Tan Tai Yong. The Garrison State: The Military, Government and Society in Colonial Punjab, 1849-1947 (Lahore: Vanguard Books, 2005)
David Omissi. The Sepoy and The Raj: The Indian Army, 1860-1940 (London: The MacMillan Press, 1994)
Colonel H. C. Willy. History of the 5th Battalion 13th Frontier Force Rifles 1849-1924 (London: The Naval & Military Press, Reprint of 1929 Edition)
Lieutenant General S. L. Menezes. Fidelity and Honour (Delhi: Oxford University Press, 1999)
Jarboe, Andre Tait, ‘Soldiers of Empire: Indian sepoys in and beyond the imperial metropole during the First World War, 1914-1919” (2013). History Dissertations. Paper 11.http://hdl.handle.net/2047/d20003087
Alexander Davis. The Empire at War: British and Indian Perceptions of Empire in the First World War. Thesis for Bachelor of Arts degree, University of Tasmania, October 2008.
The author wishes to thank Lieutenant Colonel Zahid Mumtaz for providing details of family of Colonel Pir Abdullah Shah.
This article was originally published in Commemorative Edition November 1918 – November 2018 of Durbar: Journal of Indian Military Historical Society. Volume: 35. No. 2.
Defence Journal, November 2018
14 thoughts on “Pakistan and the Great War”
The First WW battles in which the British Indian Army suffered most was in the Mesopatomian campaign. Battle of Kut was very disastrous for the BI Army due to bad planning by the British generals. In fact there were a series of battles in Kut and surrounding places. Due to lack of water and food many retreating troops suffered terribly and many died
VijayVan, the British Indian army ultimately defeated the Ottomans. And won WWI. The British Indian Army won WWI and WWII. It was the best army in the world.
Al Kut is a very interesting place, one of the centers of human civilization.
Wasit could have a booming tourism business. They may still. Many Indians, Iranians, Europeans, North Americans, Chinese, Japanese, Koreans would visit. Inshallah this will happen very soon. And Wasit will gain some economic prosperity. Wasit can take pride that their very own 28th Bde 8th IAD would help win the Iraqi war. This brigade would later be expanded into the 14th Iraqi Army Division.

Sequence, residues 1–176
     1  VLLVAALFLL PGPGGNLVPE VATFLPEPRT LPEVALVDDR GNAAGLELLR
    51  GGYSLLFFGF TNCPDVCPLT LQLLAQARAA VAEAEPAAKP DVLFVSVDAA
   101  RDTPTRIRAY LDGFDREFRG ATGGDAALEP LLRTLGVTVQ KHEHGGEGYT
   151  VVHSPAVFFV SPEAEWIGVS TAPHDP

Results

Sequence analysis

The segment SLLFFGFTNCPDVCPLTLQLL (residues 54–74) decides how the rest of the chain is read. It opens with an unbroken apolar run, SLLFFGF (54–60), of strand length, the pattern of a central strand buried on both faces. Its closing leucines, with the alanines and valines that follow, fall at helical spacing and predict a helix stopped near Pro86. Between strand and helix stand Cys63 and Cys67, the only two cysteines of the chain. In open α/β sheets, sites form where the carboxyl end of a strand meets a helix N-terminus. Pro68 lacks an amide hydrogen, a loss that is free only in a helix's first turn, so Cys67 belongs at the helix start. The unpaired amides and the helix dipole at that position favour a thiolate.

Maybe an article on Kut history could be interesting. They aren’t mainstream Sumeria. But their actual origin in controversial and hidden by the pages of history.
Al Kut province (now called Wasit) Iraq was a very anti Saddam place. The US Marines quickly handed the province over to other countries in the coalition in 2003 (who in turn reported to the Poles). In 2003 Poland led a multinational Corps that was in charge of the upper south or 1/3 of Iraq. Later the Georgians (former Soviet) assumed responsibility of Wasit. Because it was quiet and pro Iraqi Government and pro Iraqi Army . . . nobody cared about Wasit. Wasit got few resources and was ignored.
The 8th Iraqi Army Division gradually assumed control of Wasit from the Georgians. They stationed their 4th brigade (later remamed the 29th Brigade) in Wasit. Later since Wasit was quiet and the Iraqi Army badly needed 8th IAD 28th Bde elsewhere, they were redeployed elsewhere. In 2007 they were sent to Basrah to replace 10th IAD 1st Bde (later renamed 10th IAD 36th Bde). 36-10 IAD had been the worst brigade in the worst division in the Iraqi Army. They English had done a horrendous job training and advising them (both the brigade and division). 36-10 IAD was sent to Wasit for the Georgians to “fix” them. The Iraqis then assumed control of Basrah from the English.
When Russia invaded Georgia in 2008, the Georgians returned to Georgia. The Iraqis were able to manage Wasit on their own.
When Mookie made waves at the end of March 2008, a few of his groupies and more specifically Khamenei militas tried to fight the ISF in Wasit. The Iraqis smashed them in Wasit within days. And Wasit was quiet and ignored again. [The Iraqis defeated practically all of Khamenei’s militias across Iraq in two months of tough fighting].